If you’re a fan of graphic novels, chances are you’ve heard of Tintin. Created by Belgian cartoonist Hergé, Tintin is a beloved character that has captured the hearts of readers all over the world.
But was Tintin a comic strip? The answer is yes and no.
On one hand, Tintin was published as a comic strip in several newspapers and magazines throughout the 20th century. These strips featured several panels arranged horizontally, telling a story through a combination of words and images. However, Tintin stories were also compiled into full-length books that were published in album format.
These albums contained several comic strips stitched together to form a longer narrative. While each strip could stand alone as its own story, when combined with others they formed a cohesive narrative that could span hundreds of pages.
What’s interesting about Tintin is that Hergé created the character during a time when comic strips were not as respected as they are today. In fact, many critics saw them as lowbrow entertainment meant for children. However, Hergé was determined to elevate the medium and create something truly special.
To achieve this goal, he utilized several techniques that are still used in comics today. For example, he used bold text to emphasize certain words or phrases and underlined text to indicate shouting or emphasis. He also incorporated lists into his stories to break up long sections of dialogue or description.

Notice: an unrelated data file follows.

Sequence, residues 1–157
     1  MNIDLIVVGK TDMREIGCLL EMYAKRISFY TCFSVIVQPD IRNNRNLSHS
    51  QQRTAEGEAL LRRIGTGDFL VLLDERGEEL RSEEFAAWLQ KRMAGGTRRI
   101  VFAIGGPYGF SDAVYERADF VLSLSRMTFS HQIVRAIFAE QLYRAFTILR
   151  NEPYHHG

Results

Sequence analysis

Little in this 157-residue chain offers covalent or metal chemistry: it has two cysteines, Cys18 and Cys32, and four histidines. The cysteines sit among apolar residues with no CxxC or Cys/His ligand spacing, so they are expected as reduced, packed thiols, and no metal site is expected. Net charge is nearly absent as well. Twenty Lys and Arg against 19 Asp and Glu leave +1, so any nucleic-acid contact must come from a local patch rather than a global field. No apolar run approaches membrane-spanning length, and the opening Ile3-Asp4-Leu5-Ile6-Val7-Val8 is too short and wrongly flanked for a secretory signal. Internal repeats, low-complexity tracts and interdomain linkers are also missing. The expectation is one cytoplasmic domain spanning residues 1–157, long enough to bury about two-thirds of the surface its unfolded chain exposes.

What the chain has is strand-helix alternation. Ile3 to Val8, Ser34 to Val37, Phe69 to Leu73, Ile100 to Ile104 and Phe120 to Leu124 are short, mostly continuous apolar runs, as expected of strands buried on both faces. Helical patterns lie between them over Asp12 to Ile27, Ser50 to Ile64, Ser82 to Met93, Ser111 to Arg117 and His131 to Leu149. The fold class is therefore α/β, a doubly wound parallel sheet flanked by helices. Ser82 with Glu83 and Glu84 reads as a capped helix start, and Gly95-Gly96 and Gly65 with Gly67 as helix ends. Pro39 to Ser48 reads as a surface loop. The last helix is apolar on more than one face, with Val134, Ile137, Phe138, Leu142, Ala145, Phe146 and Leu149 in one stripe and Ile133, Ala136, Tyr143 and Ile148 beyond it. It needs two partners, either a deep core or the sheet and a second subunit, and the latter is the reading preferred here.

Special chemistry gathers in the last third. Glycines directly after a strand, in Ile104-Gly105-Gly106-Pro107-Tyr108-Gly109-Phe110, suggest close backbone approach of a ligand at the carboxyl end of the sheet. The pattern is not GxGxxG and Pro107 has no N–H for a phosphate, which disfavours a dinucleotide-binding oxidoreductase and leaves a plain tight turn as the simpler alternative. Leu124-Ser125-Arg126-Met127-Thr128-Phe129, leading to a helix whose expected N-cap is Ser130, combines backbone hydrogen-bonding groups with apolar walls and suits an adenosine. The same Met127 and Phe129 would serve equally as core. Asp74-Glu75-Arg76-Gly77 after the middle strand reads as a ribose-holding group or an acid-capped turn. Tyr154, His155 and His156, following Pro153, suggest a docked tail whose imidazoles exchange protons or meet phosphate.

Furthermore, Hergé used subheaders to separate different sections of his stories and create a clear hierarchy of information. For instance, he would use an
tag for major section headings and
tags for smaller subheadings within those sections.
All of these elements combined helped elevate Tintin from just another comic strip to something more sophisticated and engaging. And while it’s true that Tintin started out as a humble comic strip, it has since become so much more. It’s been adapted into films, TV shows, and even a museum in Brussels dedicated to Hergé’s life and work.
In conclusion, while Tintin did start out as a comic strip, it quickly evolved into something much more than that. Through the use of various HTML styling elements like bold text, underlined text, lists, and subheaders, Hergé was able to create a sophisticated and engaging narrative that still resonates with readers today.